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Lariska stood at the bow with Brutaka, watching the ship cleave through the water. Behind them, the other members of the team were keeping a careful eye on Makuta Spiriah – not that they could have done much to stop him if he tried to make a break. But Brutaka had done a little math and explained to Spiriah how many hours he was likely to survive once the Brotherhood of Makuta knew where he was. Then he assured Spiriah that if the ship and its occupants were all destroyed, the Brotherhood would be notified immediately where to start looking.

That was a bluff, of course. But Spiriah had spent a lot of his life fleeing from his former comrades, and running and hiding get to be habits after a while. As Brutaka expected, Spiriah bought it and backed off.

The ship had veered away from Zakaz and was on its way south. There was one more stop to make before they headed for their ultimate target. This was the one Brutaka dreaded – it was time to arm the team.

The island that came into view was little more than a piece of barren rock. It was not the original site for this meeting, but plans had changed. Two Order of Mata Nui members, Botar and the nine-foot tall warrior named Trinuma, had been dispatched with a cache of weapons for a rendezvous on a small, wooded island just off the mainland. But a Makuta named Icarax had spotted their appearance and attacked. The fight was furious, but brief. Botar was slain, crushed by the Makuta’s magnetic power, and Trinuma barely escaped to tell the tale. In desperation, he stored the weapons at the first place he came to before returning to Daxia with the tragic news.

The ship dropped anchor just off the coast. Brutaka warned Takadox and Carapar he would be keeping a careful eye on them on the swim over, just in case they got any funny ideas about diving deep and escaping. Vezon was the first to react when they set foot on the rocky shore.

“There is something… wrong here,” he said, his tone unusually serious. “Something beyond even my powers to cope with.”

“You don’t have any powers, freak,” Carapar roughly reminded him.

“I don’t?” Vezon said, seemingly confused. “Where was I when they were being handed out? Let me see… Makuta’s lair… Voya Nui… tunnels… prison… how could I have missed the meeting, I was always where the action was.”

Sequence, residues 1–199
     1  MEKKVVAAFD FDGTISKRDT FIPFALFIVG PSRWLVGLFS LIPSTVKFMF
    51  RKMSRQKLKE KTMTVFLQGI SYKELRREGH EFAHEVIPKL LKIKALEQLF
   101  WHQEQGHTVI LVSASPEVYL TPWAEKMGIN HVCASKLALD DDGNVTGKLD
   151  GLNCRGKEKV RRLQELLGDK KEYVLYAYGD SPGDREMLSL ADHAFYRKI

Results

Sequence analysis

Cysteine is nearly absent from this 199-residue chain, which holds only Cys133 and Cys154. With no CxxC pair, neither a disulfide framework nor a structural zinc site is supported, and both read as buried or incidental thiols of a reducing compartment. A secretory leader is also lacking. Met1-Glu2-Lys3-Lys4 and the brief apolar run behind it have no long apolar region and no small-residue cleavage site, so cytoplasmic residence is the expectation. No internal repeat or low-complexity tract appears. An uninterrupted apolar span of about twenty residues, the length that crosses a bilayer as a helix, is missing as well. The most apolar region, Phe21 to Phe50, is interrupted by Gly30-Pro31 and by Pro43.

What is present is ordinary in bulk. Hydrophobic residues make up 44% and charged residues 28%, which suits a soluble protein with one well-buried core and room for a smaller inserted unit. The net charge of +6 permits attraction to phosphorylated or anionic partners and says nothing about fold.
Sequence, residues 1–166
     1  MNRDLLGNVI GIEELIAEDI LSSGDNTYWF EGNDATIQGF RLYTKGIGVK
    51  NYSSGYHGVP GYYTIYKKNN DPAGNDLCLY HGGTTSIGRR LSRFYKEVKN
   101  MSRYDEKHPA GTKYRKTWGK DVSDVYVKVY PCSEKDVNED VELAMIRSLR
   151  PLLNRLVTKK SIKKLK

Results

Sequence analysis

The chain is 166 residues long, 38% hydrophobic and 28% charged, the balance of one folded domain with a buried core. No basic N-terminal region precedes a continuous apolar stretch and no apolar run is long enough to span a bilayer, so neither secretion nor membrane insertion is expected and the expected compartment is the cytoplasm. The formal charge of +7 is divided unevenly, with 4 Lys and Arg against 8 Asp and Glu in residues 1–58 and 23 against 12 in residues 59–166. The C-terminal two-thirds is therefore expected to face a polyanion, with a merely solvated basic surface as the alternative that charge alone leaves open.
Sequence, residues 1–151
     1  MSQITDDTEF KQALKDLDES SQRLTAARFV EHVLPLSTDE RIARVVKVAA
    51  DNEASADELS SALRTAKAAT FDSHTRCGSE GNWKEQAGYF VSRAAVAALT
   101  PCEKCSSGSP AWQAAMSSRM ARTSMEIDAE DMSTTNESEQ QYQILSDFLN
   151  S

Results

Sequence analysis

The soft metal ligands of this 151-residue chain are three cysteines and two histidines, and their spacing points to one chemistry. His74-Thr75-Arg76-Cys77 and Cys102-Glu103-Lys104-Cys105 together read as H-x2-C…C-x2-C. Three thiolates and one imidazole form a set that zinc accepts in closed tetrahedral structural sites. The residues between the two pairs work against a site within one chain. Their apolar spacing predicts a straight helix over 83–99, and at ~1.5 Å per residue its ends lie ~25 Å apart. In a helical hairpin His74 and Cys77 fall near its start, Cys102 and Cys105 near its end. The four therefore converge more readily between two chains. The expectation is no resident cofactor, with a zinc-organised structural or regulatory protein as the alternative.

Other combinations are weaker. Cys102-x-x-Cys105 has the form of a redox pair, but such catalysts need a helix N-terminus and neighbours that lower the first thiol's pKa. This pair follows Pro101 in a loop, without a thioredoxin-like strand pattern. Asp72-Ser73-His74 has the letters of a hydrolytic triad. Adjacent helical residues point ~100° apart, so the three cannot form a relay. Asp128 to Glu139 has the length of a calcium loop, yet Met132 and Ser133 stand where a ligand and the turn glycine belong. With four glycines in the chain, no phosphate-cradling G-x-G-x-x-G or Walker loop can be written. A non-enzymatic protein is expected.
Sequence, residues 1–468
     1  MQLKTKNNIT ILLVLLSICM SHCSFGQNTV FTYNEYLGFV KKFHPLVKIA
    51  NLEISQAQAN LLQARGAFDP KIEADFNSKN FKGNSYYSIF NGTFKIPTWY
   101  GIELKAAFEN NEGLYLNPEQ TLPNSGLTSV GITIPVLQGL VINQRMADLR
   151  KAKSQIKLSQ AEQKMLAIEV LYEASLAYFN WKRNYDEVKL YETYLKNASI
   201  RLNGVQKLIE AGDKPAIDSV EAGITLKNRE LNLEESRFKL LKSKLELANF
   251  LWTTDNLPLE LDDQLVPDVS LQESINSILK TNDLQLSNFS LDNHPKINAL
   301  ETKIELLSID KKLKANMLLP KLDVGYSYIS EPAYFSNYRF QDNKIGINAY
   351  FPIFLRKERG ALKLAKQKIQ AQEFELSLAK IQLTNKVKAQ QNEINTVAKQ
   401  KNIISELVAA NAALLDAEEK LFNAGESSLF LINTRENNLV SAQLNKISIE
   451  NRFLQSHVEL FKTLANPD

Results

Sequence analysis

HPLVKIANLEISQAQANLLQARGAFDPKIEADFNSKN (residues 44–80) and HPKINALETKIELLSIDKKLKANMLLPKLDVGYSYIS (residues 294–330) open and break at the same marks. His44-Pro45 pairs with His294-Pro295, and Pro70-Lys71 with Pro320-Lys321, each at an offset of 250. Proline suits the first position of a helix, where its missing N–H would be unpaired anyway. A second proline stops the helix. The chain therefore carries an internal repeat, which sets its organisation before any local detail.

“Quiet,” said Lariska, dagger drawn. “There is one true statement in your babble. There is something not right in this place.”

Brutaka approached, carrying the weapons. Takadox took a long, thin blade, while Carapar grabbed a broadsword. Roodaka pounced on a Rhotuka launcher. Brutaka handed Spiriah a projectile weapon and warned him with a cold smile not to point it at himself… or anyone else. Vezon got a spear, which he turned over in his hands with no real enthusiasm.

“What’s it do?” he asked.

“Nothing,” Brutaka answered. “But with your powers, you don’t need it, right?”

Vezon brightened. “Right,” he agreed, having forgotten once again that he had no powers. Carapar growled in frustration and stalked away.

“We have what we came for,” Takadox said nervously. “Let’s go.”

“There’s something in that cave up ahead,” said Lariska. “I can hear what sounds like breathing, but it’s a… wet sound, as if the being were inhaling through mud. And there’s something else… it almost sounds like… something slithering.”

Spiriah took a step back. “I know where we are,” he said, his eyes darting from side to side as if expecting an attack. “Mutran told me of this place, though it didn’t look like this ages ago. We have to go. We have to go now!”

But it was already too late. Vast walls of rock suddenly sprang up from the shoreline, forming a 200-foot high wall around the island and cutting the team off from their boat. “Blast it down,” Brutaka ordered. But even the power of his blade was not enough to penetrate the stone.

Spiriah had shapeshifted himself some wings and was trying to fly over the top. A sharp spear of stone erupted out of the top of the wall and impaled one of his wings, sending him spiraling toward the ground. Lariska ran, leapt, hit the wall feet first, and propelled herself into midair to catch the falling Makuta.

There was no time to marvel at her athletic feat or make other attempts to escape. For now a voice was coming from the cave, but not a voice like anyone present had ever heard before. It sounded like the slimy, repulsive sound that comes when a nest of feeder worms is disturbed. Even Brutaka had to suppress a shudder.

“Visitors,” said the voice. “At last.”

“Who are you?” said Brutaka. “Did you imprison us here? I warn you, you don’t know the power you face.”

A massive tentacle shot out of the cave, wrapping itself around Brutaka and pulling him inside. The next moment, he was in the presence of something so horrible, so alien, that it took all his willpower just to hold on to his sanity.

“Now,” said the entity that held him in its grip. “Now tell Tren Krom of your power.”

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